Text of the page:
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Tandem feeding: A first-hand experience

 

If you are still breastfeeding your baby or toddler and have another one on the way, you may be wondering if you need to wean the older child to make way for the newborn. In actual fact, should you choose to, you can continue to feed both! There are still so many benefits of breastfeeding for your growing child and of course for the new baby that there is no reason to stop.

The following is the experience of the beautiful Jo, who continues to feed her 2.5-year-old Abel and her 6-month-old Koa.

Stressed to the max

There’s no denying that perhaps moving house was not the ideal thing for us to be doing right now. In the midst of starting a new job, a winter of illnesses and a couple of delightful (but routine-smashing) trips away, it’s certainly been hectic in our house over the last 4 months. And gosh, nobody seems to feel it like the toddler feels it. For her it’s meant a total upheaval in her regular activities, health and sense of place. Most of her stuff is packed away ready to be moved, or already has been moved.

Morning Sickness (…. or all day sickness for some!)

 Morning sickness and fatigue were unpleasant and annoying during my first pregnancy. I was over it the moment it began, but looking back on it now I realise how easy I had it! I could lay down when I needed to (when not working), could hang my head in a bucket without disruption and could go to bed when I wanted. In short, I could take my time to get through the months of nausea.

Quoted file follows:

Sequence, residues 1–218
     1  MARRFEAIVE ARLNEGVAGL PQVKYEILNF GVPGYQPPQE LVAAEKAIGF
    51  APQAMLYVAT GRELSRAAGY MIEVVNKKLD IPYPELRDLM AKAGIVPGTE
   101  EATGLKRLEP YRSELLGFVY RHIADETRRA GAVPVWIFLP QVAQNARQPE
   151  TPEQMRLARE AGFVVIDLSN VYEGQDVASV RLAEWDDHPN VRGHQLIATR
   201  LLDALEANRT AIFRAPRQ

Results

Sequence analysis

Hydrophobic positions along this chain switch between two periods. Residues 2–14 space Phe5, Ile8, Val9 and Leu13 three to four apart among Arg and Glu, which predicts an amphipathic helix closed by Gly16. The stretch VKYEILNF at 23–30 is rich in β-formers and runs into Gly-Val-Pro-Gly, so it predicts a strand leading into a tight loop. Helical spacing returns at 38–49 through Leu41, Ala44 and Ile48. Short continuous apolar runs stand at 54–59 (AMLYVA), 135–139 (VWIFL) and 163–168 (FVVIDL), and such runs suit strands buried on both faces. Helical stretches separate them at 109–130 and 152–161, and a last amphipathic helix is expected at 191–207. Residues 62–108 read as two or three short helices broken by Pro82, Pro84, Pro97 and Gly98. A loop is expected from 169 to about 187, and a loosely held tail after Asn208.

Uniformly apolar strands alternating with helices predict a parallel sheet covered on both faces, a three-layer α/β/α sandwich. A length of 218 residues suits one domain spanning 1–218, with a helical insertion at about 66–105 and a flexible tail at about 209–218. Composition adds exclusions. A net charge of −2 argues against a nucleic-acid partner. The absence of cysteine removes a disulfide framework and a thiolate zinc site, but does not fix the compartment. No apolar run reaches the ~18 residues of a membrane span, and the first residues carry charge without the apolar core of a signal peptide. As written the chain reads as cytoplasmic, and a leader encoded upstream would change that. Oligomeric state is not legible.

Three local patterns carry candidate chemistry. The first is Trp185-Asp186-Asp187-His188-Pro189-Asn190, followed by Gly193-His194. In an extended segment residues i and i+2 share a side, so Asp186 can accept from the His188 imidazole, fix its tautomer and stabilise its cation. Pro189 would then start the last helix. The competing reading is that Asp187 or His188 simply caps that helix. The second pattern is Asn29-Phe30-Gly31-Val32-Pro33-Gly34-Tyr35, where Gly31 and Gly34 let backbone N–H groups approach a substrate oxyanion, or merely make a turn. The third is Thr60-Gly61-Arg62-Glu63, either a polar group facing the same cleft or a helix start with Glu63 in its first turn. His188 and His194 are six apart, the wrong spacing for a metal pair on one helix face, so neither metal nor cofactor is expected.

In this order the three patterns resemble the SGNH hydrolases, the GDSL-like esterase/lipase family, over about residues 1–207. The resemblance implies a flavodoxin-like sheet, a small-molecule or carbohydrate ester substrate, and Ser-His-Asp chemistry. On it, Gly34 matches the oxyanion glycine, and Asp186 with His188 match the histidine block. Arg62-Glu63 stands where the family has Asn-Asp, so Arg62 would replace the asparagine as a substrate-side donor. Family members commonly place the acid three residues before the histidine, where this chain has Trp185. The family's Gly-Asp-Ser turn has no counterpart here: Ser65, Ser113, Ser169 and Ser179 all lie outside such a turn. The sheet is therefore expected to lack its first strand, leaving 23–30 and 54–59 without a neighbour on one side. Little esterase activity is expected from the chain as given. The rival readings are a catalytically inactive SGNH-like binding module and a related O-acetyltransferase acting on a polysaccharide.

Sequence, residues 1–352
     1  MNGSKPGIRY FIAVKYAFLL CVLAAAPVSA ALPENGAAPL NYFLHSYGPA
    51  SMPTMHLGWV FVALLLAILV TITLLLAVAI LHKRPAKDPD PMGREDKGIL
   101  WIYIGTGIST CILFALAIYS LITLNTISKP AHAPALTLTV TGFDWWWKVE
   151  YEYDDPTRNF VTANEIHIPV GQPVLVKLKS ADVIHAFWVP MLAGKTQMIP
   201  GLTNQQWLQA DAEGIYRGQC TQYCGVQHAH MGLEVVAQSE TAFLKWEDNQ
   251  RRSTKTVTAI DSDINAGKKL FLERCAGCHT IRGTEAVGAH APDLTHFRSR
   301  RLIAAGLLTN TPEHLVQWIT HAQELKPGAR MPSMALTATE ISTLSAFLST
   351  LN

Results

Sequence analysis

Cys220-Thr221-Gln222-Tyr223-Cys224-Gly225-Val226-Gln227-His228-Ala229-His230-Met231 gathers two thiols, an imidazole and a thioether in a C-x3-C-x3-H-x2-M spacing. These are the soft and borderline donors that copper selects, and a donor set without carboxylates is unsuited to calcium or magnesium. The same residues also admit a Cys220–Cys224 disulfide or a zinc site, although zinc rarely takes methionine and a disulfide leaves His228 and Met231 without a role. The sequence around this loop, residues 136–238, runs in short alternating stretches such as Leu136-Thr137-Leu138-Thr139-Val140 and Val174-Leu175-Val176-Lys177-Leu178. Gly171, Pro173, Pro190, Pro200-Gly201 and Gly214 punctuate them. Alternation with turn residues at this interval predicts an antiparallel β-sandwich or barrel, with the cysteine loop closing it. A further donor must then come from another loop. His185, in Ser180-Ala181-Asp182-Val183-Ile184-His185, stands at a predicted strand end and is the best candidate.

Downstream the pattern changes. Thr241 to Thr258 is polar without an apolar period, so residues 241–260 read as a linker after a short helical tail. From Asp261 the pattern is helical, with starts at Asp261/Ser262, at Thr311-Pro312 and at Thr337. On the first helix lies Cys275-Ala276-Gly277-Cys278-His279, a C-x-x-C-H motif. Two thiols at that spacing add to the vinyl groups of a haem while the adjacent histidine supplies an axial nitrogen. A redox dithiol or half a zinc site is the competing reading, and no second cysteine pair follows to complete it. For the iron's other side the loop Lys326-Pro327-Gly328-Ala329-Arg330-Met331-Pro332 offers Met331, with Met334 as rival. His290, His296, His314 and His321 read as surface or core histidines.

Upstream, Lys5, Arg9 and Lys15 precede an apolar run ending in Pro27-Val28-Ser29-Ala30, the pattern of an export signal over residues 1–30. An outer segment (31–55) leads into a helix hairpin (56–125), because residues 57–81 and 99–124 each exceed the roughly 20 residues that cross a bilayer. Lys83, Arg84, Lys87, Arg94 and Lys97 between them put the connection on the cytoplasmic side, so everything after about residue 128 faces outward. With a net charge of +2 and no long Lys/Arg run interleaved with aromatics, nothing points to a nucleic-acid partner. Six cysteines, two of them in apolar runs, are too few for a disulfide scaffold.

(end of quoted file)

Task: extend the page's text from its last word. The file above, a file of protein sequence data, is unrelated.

Where is my village?

New mothers can often feel so isolated with their baby they may as well be in outer space. Exhausted, confused, constantly questioning what they are doing and why, it’s no surprise that many mummas feel completely overwhelmed. Many mums haven’t really held a baby, particularly a crying baby, or seen one breastfeed.

Exercise? But I’m a mum!

We all know those mums that really have it together with regular exercise. And oh, how I look up to these mums! The ones who get up early to run or hit the gym…. or the ones who pack the kids in the car or the prams to tackle the task with them in tow! And hands up to the mums who can motivate themselves to exercise at the end of a very very long day. We salute you!

 

The feed-play-sleep furphy

Whoever thought of the term feed-play-sleep? I remember reading about it 15 years ago when I first became a mother, and I constantly hear it being bandied about by mums I speak to now — they’ve either read about it in baby sleep books, or told it’s a ‘must’ by maternal and child health nurses and sleep schools to get their baby to learn to self-settle. And look, sure, some babies may respond well to it, and some mums may find comfort in the structure it gives them, but the whole premise is somewhat confounding to me.

So much pressure! Mums who are pushed to bottle-feed.

Ever heard complaints about how much pressure there is to breastfeed? You know, the midwife who made a mother put her baby to the boob against her will, or the child health nurse who pushed a woman to keep breastfeeding even when she was struggling and her baby wasn’t putting on weight? I think stats show this to be more of a myth than reality. Only 18 per cent of Australian women are actually exclusively breastfeeding their babies at six months of age.

Hang on, where’s my milk? The juice on when milk comes in

I sometimes hear stories about women who couldn’t breastfeed because their milk didn’t come in. This is one of those terrible misnomers. If the milk was delayed for a medical reason and the mum isn’t encouraged to continue initiating breastfeeding, she may believe she’s just one of those women who doesn’t have milk and give up. If she doesn’t pump or attempt to put the baby to the breast and baby goes straight on the bottle, it can even appear as if the milk never arrived at all. But it would have, given half a chance.